tung oil and shellac are two popular wood finishes that are essential for woodworking. They are a coating applied to a wooden object’s surface to enhance its appearance and protect it from damage.
It can add depth, color, and character to the wood, highlighting its natural beauty and grain, and also provides a barrier against moisture, heat, scratches, and everyday wear and tear.
This guide is for both seasoned woodworkers and beginners eager to learn, so they can get to know each other better.
What is Tung Oil?
Tung oil, also known as China wood oil, is a drying oil obtained from the seeds of the tung tree. This tree is native to China, hence the name, but it’s now grown in various parts of the world.
Tung oil has been used for centuries as a water-resistant finish for wooden objects. When applied, it penetrates deep into the wood, hardening to form a protective and durable barrier.
One of the key characteristics of tung oil is its ability to enhance the wood’s natural grain, giving it a rich, warm glow. Tung oil is also waterproof, making it an excellent choice for items that may be exposed to moisture. However, pure tung oil can take some time to dry and may require several coats to achieve the desired finish.
What is Shellac?
On the other hand, Shellac is a resin secreted by the female lac bug, found in the forests of India and Thailand. This resin is processed and dissolved in alcohol to produce a versatile wood finish. Shellac has been used for centuries, long before the advent of synthetic finishes.
Shellac dries quickly and gives a shiny, glossy finish that many woodworkers love. It’s excellent for sealing wood, preventing stains and knots from showing through paint. Shellac is also food safe once dried, making it a popular choice for kitchenware and children’s furniture. However, it’s not as durable as some other finishes and can be damaged by heat and alcohol.
Tung Oil vs Shellac: A Comparative Analysis
When it comes to choosing between tung oil and shellac, it’s essential to understand their unique properties and how they can impact your woodworking project. Let’s break it down:
Tung oil penetrates deep into the wood, providing a flexible and water-resistant finish. It enhances the wood’s natural grain, giving it a warm, rich glow. Tung oil is also highly resistant to moisture, making it an excellent choice for outdoor furniture or items exposed to water. However, it takes longer to dry than shellac and may require several coats to achieve the desired finish.
On the other hand, Shellac dries quickly and provides a shiny, glossy finish. It’s excellent for sealing wood, preventing stains and knots from showing through the paint. Shellac is also food safe once dried, making it a popular choice for kitchenware and children’s furniture. However, it’s not as durable as tung oil and can be damaged by heat and alcohol.
In terms of application, both tung oil and shellac can be applied using a brush, cloth, or spray. They both require proper surface preparation, including sanding and cleaning the wood before application.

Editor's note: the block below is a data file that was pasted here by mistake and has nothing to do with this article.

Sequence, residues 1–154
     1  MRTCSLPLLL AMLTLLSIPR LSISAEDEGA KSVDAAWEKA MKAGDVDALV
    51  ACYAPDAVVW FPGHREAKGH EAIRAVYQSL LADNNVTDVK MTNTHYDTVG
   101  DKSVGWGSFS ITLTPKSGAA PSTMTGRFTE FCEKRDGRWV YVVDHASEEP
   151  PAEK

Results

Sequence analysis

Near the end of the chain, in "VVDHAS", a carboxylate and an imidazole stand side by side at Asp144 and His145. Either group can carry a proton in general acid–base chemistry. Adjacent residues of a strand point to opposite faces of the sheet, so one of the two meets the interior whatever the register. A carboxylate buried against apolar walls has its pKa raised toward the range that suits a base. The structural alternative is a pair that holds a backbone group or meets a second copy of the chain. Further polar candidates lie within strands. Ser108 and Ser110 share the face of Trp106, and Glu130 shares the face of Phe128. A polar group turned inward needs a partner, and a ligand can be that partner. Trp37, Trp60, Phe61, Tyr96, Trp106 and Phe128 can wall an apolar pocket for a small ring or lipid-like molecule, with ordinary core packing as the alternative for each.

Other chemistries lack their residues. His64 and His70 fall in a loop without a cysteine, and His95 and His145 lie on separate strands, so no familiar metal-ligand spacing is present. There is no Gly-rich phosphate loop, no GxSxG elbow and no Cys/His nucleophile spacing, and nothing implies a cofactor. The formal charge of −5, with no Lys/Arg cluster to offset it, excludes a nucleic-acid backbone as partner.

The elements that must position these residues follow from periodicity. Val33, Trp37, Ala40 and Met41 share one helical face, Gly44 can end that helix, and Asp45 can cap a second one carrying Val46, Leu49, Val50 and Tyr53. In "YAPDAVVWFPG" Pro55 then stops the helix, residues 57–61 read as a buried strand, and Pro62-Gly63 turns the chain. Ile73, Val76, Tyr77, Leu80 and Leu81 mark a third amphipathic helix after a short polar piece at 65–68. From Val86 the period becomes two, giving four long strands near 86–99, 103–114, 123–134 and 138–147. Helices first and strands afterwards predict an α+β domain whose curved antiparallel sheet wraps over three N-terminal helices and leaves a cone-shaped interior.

Applying Tung Oil Over Shellac
If you’re considering applying tung oil over shellac, here’s a step-by-step guide to help you through the process:
Step 1: Surface Preparation
Start by ensuring the surface is clean, dry, and free from dust or debris. If the shellac finish is glossy, lightly sand the surface with fine-grit sandpaper to create a slightly rough texture for the oil to adhere to.
Step 2: Apply the Tung Oil
Apply a thin coat of tung oil to the surface using a clean, lint-free cloth. Work in small sections, rubbing the oil into the wood toward the grain.
Step 3: Let it Dry
Allow the oil to penetrate the wood for about 15-30 minutes. Then, wipe off any excess oil using a clean cloth. Remember, tung oil takes longer to dry than other finishes, so be patient.
Step 4: Repeat
You may want to apply several coats of tung oil for a more durable finish. Allow each coat to dry thoroughly before applying the next one.
Always test the process on a small, inconspicuous area first to ensure the results are to your liking. Also, remember to dispose of any oil-soaked rags properly, as they can spontaneously combust if not handled correctly.
Applying Shellac Over Tung Oil
Applying shellac over tung oil can create a beautiful, durable finish that combines the best of both worlds. Here’s a step-by-step guide on how to do it:
Step 1: Surface Preparation
Ensure the tung oil finish is completely dry before applying shellac. This may take several days depending on the number of coats and the environmental conditions. Once dry, lightly sand the surface with fine-grit sandpaper to ensure the shellac adheres properly.
Step 2: Mix the Shellac
Shellac often comes in flake form and needs to be mixed with denatured alcohol. Follow the manufacturer’s instructions for the correct ratio and allow the mixture to dissolve completely.
Step 3: Apply the Shellac
Applying a thin coat of shellac over the tung oil using a high-quality brush, working toward the wood grain. Allow the shellac to dry completely, which usually takes about an hour.
Step 4: Repeat
For a more robust finish, apply several coats of shellac, sanding lightly between each coat once it’s dry.
Always work in a well-ventilated area when using shellac, as the fumes can be strong. Also, test the process on a small, hidden area first to ensure you’re happy with the results.
Tung Oil vs Other Oils: Comparing with Linseed Oil
When it comes to wood finishes, tung oil and linseed oil are often compared. Both are natural oils that penetrate the wood to provide a protective finish, but there are some key differences:
Tung oil penetrates deeply into the wood and hardens upon exposure to air, providing a durable, water-resistant finish. It also enhances the wood’s natural grain and doesn’t darken as much over time as linseed oil.